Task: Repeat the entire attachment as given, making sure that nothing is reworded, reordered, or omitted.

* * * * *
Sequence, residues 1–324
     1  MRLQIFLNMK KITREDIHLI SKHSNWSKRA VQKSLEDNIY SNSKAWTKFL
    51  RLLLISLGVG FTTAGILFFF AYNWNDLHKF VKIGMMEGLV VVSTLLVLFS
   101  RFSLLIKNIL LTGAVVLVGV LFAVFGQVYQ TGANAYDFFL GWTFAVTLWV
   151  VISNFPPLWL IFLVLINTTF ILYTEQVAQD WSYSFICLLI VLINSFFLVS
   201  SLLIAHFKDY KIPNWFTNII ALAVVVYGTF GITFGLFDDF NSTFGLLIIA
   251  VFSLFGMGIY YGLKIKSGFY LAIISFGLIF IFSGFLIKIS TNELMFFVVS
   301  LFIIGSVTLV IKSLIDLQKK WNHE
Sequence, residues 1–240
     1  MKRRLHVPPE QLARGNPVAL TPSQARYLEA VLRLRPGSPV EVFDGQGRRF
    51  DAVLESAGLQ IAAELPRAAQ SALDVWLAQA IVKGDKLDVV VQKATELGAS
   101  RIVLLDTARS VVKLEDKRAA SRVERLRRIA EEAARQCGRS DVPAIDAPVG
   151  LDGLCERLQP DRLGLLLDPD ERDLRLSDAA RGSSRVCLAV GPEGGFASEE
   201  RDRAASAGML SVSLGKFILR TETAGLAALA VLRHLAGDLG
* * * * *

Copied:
Sequence, residues 1–324
     1  MRLQIFLNMK KITREDIHLI SKHSNWSKRA VQKSLEDNIY SNSKAWTKFL
    51  RLLLISLGVG FTTAGILFFF AYNWNDLHKF VKIGMMEGLV VVSTLLVLFS
   101  RFSLLIKNIL LTGAVVLVGV LFAVFGQVYQ TGANAYDFFL GWTFAVTLWV
   151  VISNFPPLWL IFLVLINTTF ILYTEQVAQD WSYSFICLLI VLINSFFLVS
   201  SLLIAHFKDY KIPNWFTNII ALAVVVYGTF GITFGLFDDF NSTFGLLIIA
   251  VFSLFGMGIY YGLKIKSGFY LAIISFGLIF IFSGFLIKIS TNELMFFVVS
   301  LFIIGSVTLV IKSLIDLQKK WNHE
Sequence, residues 1–240
     1  MKRRLHVPPE QLARGNPVAL TPSQARYLEA VLRLRPGSPV EVFDGQGRRF
    51  DAVLESAGLQ IAAELPRAAQ SALDVWLAQA IVKGDKLDVV VQKATELGAS
   101  RIVLLDTARS VVKLEDKRAA SRVERLRRIA EEAARQCGRS DVPAIDAPVG
   151  LDGLCERLQP DRLGLLLDPD ERDLRLSDAA RGSSRVCLAV GPEGGFASEE
   201  RDRAASAGML SVSLGKFILR TETAGLAALA VLRHLAGDLG